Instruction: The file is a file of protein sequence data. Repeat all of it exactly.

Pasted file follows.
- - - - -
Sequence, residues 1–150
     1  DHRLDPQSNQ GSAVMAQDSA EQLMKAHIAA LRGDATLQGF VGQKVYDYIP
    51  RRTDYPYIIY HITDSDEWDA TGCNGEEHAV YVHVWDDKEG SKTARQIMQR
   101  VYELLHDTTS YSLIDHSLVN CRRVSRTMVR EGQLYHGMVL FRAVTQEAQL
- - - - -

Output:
Sequence, residues 1–150
     1  DHRLDPQSNQ GSAVMAQDSA EQLMKAHIAA LRGDATLQGF VGQKVYDYIP
    51  RRTDYPYIIY HITDSDEWDA TGCNGEEHAV YVHVWDDKEG SKTARQIMQR
   101  VYELLHDTTS YSLIDHSLVN CRRVSRTMVR EGQLYHGMVL FRAVTQEAQL